Organization and evolution of a gene-rich region of the mouse genome: a 12.7-Mb region deleted in the Del(13)Svea36H mouse.

Journal Article (Journal Article)

Del(13)Svea36H (Del36H) is a deletion of approximately 20% of mouse chromosome 13 showing conserved synteny with human chromosome 6p22.1-6p22.3/6p25. The human region is lost in some deletion syndromes and is the site of several disease loci. Heterozygous Del36H mice show numerous phenotypes and may model aspects of human genetic disease. We describe 12.7 Mb of finished, annotated sequence from Del36H. Del36H has a higher gene density than the draft mouse genome, reflecting high local densities of three gene families (vomeronasal receptors, serpins, and prolactins) which are greatly expanded relative to human. Transposable elements are concentrated near these gene families. We therefore suggest that their neighborhoods are gene factories, regions of frequent recombination in which gene duplication is more frequent. The gene families show different proportions of pseudogenes, likely reflecting different strengths of purifying selection and/or gene conversion. They are also associated with relatively low simple sequence concentrations, which vary across the region with a periodicity of approximately 5 Mb. Del36H contains numerous evolutionarily conserved regions (ECRs). Many lie in noncoding regions, are detectable in species as distant as Ciona intestinalis, and therefore are candidate regulatory sequences. This analysis will facilitate functional genomic analysis of Del36H and provides insights into mouse genome evolution.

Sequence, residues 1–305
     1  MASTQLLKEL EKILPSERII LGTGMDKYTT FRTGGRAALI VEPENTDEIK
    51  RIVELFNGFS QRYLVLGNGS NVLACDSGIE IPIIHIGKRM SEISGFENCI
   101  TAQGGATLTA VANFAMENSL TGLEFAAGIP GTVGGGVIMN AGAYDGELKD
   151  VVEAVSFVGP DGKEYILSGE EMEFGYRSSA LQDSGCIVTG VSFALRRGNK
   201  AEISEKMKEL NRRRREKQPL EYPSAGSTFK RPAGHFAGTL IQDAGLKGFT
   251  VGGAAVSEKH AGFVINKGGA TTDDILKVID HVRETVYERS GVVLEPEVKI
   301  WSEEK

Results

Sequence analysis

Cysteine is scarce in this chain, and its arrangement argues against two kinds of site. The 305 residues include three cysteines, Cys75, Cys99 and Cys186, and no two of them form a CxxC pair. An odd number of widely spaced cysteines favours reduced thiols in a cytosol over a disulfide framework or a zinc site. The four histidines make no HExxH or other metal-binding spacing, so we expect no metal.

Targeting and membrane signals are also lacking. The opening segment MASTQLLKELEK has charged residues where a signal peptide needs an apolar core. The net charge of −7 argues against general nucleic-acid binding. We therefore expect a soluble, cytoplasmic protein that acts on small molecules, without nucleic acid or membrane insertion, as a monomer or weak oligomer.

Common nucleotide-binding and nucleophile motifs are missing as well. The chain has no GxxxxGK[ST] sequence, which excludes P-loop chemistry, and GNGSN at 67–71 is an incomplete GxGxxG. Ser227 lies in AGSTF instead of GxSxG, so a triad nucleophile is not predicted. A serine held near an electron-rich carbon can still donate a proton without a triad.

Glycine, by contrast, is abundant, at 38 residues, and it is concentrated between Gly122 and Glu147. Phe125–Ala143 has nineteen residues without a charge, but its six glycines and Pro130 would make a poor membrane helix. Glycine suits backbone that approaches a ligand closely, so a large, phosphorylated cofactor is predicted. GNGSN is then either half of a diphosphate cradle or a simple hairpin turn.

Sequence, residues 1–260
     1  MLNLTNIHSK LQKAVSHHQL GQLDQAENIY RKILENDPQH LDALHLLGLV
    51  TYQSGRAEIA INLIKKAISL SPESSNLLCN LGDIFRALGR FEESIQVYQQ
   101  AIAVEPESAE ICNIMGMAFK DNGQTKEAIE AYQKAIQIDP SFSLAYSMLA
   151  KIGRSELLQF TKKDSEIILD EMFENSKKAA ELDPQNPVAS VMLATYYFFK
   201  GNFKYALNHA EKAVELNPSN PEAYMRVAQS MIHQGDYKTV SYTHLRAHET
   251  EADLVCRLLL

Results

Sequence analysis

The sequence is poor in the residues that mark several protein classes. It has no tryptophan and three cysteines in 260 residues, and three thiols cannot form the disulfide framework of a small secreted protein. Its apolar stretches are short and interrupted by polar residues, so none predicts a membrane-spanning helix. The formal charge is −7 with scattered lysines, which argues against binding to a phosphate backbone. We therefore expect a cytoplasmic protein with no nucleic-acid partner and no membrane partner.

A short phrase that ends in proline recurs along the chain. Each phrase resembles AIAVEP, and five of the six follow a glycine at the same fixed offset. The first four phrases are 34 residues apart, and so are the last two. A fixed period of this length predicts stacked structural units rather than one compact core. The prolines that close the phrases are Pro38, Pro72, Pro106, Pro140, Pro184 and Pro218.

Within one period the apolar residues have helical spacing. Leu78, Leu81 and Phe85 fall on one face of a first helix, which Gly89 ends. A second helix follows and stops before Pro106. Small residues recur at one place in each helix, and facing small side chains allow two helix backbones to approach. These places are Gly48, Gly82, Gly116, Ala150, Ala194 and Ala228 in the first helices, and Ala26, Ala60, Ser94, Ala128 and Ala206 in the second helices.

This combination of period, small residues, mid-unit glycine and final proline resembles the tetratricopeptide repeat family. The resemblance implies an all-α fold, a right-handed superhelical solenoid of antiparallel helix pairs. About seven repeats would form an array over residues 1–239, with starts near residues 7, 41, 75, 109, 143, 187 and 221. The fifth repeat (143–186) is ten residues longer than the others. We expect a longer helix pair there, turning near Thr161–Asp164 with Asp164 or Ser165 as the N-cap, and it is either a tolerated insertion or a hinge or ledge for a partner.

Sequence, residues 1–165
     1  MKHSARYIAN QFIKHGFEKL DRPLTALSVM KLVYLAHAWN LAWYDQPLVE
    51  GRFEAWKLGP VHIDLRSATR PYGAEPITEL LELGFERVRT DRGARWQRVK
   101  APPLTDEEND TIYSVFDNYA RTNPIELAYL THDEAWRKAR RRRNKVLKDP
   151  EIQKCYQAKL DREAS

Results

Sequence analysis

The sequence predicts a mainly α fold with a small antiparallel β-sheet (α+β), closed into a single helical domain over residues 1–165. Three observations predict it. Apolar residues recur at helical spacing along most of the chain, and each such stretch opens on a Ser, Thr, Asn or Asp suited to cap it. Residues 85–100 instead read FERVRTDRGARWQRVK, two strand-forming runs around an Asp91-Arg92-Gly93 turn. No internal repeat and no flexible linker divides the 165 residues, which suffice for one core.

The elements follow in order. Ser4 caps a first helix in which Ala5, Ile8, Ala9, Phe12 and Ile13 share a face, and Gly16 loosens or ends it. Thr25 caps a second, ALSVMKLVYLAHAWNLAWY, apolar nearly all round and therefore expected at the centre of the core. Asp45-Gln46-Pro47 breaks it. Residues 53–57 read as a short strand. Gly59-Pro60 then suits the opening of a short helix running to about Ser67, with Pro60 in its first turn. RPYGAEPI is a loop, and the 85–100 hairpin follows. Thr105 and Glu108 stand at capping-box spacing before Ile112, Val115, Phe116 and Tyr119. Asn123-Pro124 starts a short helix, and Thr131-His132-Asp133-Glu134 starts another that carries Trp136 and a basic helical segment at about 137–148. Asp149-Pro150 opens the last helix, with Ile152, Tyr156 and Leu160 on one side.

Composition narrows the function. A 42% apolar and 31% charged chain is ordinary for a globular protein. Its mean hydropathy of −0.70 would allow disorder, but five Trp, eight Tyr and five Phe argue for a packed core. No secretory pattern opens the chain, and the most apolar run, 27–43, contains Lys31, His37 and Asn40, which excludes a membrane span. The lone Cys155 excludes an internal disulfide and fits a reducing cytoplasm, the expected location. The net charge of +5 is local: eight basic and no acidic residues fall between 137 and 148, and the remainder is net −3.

Full Text

Duke Authors

Cited Authors

  • Mallon, A-M; Wilming, L; Weekes, J; Gilbert, JGR; Ashurst, J; Peyrefitte, S; Matthews, L; Cadman, M; McKeone, R; Sellick, CA; Arkell, R; Botcherby, MRM; Strivens, MA; Campbell, RD; Gregory, S; Denny, P; Hancock, JM; Rogers, J; Brown, SDM

Published Date

  • October 2004

Published In

Volume / Issue

  • 14 / 10A

Start / End Page

  • 1888 - 1901

PubMed ID

  • 15364904

Pubmed Central ID

  • PMC524412

International Standard Serial Number (ISSN)

  • 1088-9051

Digital Object Identifier (DOI)

  • 10.1101/gr.2478604


  • eng

Conference Location

  • United States